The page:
Life is getting more difficult for Democrats clinging to the political center. Rep. Allyson Schwartz abruptly cut ties Thursday with several moderate Democratic groups as she runs for governor in Pennsylvania.
Schwartz’s campaign said Thursday that the Philadelphia-area congresswoman would no longer serve as an honorary chairwoman of the centrist think-tank Third Way, a group that enraged liberal activists in December when its leaders wrote a Wall Street Journal op-ed criticizing the party’s populist agenda.
Schwartz, who faces a competitive Democratic gubernatorial primary, immediately came under fire from rank-and-file liberals for her association with the group, but only this week formally separated herself from it.
Schwartz’s announcement emphasizes that in addition to leaving Third Way, she’s also leaving her leadership post with the New Democrat Coalition and her position on the House Budget Committee — an apparent attempt to cut her ties to Washington while her campaign heats up in Pennsylvania.
“As the May primary approaches, I had long planned to step aside from other commitments,” she said in a statement.
But a spokesman for her campaign, Mark Bergman, told National Journal that Third Way’s op-ed “made the decision that much easier.”
Schwartz’s departure was first reported by the liberal blog Daily Kos.
Her decision is a revealing sign about the current state of Democratic Party politics. It’s evidence of a growing rift between the party’s base, which is fighting for a more robust progressive agenda, and some of its more moderate elements, which want it to emulate the centrist tack taken by former President Clinton. To date, the dispute has manifested itself most keenly in the debate over possible presidential contender Hillary Clinton, whose close ties to Wall Street have spurred calls for Elizabeth Warren to launch her own presidential campaign. (The Massachusetts senator has said she won’t run.)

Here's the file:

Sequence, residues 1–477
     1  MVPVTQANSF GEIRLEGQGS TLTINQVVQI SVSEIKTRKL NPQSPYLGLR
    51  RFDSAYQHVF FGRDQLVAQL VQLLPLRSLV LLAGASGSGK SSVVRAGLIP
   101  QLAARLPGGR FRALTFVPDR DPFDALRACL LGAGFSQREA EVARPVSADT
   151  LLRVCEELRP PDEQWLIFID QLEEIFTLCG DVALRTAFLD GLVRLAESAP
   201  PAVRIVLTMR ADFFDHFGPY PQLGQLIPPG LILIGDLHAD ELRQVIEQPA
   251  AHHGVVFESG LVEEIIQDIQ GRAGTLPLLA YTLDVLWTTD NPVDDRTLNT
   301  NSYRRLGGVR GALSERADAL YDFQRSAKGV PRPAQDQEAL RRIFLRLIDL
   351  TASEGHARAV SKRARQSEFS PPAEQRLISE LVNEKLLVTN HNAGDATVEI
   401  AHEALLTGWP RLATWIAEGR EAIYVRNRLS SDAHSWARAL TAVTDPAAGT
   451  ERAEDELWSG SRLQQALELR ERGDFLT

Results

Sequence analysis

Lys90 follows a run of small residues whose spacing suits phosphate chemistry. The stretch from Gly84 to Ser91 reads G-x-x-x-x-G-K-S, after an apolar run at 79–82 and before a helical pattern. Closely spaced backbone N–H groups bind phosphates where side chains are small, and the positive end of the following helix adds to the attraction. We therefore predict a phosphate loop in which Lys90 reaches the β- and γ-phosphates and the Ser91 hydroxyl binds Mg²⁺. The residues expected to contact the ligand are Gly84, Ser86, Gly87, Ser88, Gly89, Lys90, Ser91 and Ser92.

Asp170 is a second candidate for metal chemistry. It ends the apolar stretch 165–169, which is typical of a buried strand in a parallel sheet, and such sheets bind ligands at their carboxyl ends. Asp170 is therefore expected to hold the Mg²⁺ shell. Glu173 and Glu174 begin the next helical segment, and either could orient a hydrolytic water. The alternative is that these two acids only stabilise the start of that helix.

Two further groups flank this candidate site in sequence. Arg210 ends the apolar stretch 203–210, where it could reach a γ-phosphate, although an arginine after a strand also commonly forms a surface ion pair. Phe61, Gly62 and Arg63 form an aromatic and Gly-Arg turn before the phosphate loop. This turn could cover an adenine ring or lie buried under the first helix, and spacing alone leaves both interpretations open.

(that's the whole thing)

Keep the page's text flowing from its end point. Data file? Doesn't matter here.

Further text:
Now, the dispute appears to be spreading. Schwartz is the early front-runner in the Keystone State’s gubernatorial primary. But she faces a handful of qualified opponents, all of whom could exploit the perception that she isn’t liberal enough for the party’s primary voters.
The Third Way op-ed, which criticized liberals who oppose Social Security cuts, immediately drew condemnation from Schwartz, who called it “outrageous” and signed onto a bill that would expand the entitlement program. In formally separating herself from the group now, she signaled the growing clout of the party’s liberal base.
Progressive groups immediately declared victory.
“As a Wall Street front group, Third Way had little credibility to begin with — and that credibility is nearly nonexistent now that their own cochair is dumping them,” said Adam Green, cofounder of the Progressive Change Campaign Committee. “Third Way’s attack on Elizabeth Warren’s economic-populist agenda, including expanding Social Security benefits, is something that no smart Democrat in the country would embrace — and Allyson Schwartz deserves credit for making a smart decision.”
Whether the congresswoman’s decision hurts her in a general election remains to be seen. Liberal activists argue that Social Security is an overwhelmingly popular program, and huge swaths of voters oppose all cuts to it. But doing so can also make a lawmaker look beholden to the party’s liberal base, a perception that could alienate middle-of-the road voters.
“Today, Allyson Schwartz proved that she will do whatever it takes to appease her extreme liberal base,” said Megan Sweeney, a spokeswoman for the Pennsylvania Republican Party. “After months of denying it, Allyson Schwartz has finally embraced her status as a tax-and-spend radical liberal. Now she can tout her new taxes and plans for increased government spending without worrying about keeping up a centrist façade.”
A spokesman for Third Way declined to comment.
If Schwartz wins the Democratic nomination, she’d face Republican Gov. Tom Corbett, who is one of the most vulnerable governors up for reelection in 2014.
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